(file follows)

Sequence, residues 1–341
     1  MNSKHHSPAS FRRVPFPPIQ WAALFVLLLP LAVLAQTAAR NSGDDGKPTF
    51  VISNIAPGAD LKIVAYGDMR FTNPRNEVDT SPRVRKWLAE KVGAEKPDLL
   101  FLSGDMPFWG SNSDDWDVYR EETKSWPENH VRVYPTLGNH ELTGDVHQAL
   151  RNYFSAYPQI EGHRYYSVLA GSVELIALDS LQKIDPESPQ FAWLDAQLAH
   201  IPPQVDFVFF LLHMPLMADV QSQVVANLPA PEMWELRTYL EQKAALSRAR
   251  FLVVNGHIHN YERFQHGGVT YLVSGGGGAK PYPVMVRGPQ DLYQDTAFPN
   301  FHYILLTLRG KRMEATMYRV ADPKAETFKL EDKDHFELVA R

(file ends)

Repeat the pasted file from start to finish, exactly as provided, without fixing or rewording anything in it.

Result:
Sequence, residues 1–341
     1  MNSKHHSPAS FRRVPFPPIQ WAALFVLLLP LAVLAQTAAR NSGDDGKPTF
    51  VISNIAPGAD LKIVAYGDMR FTNPRNEVDT SPRVRKWLAE KVGAEKPDLL
   101  FLSGDMPFWG SNSDDWDVYR EETKSWPENH VRVYPTLGNH ELTGDVHQAL
   151  RNYFSAYPQI EGHRYYSVLA GSVELIALDS LQKIDPESPQ FAWLDAQLAH
   201  IPPQVDFVFF LLHMPLMADV QSQVVANLPA PEMWELRTYL EQKAALSRAR
   251  FLVVNGHIHN YERFQHGGVT YLVSGGGGAK PYPVMVRGPQ DLYQDTAFPN
   301  FHYILLTLRG KRMEATMYRV ADPKAETFKL EDKDHFELVA R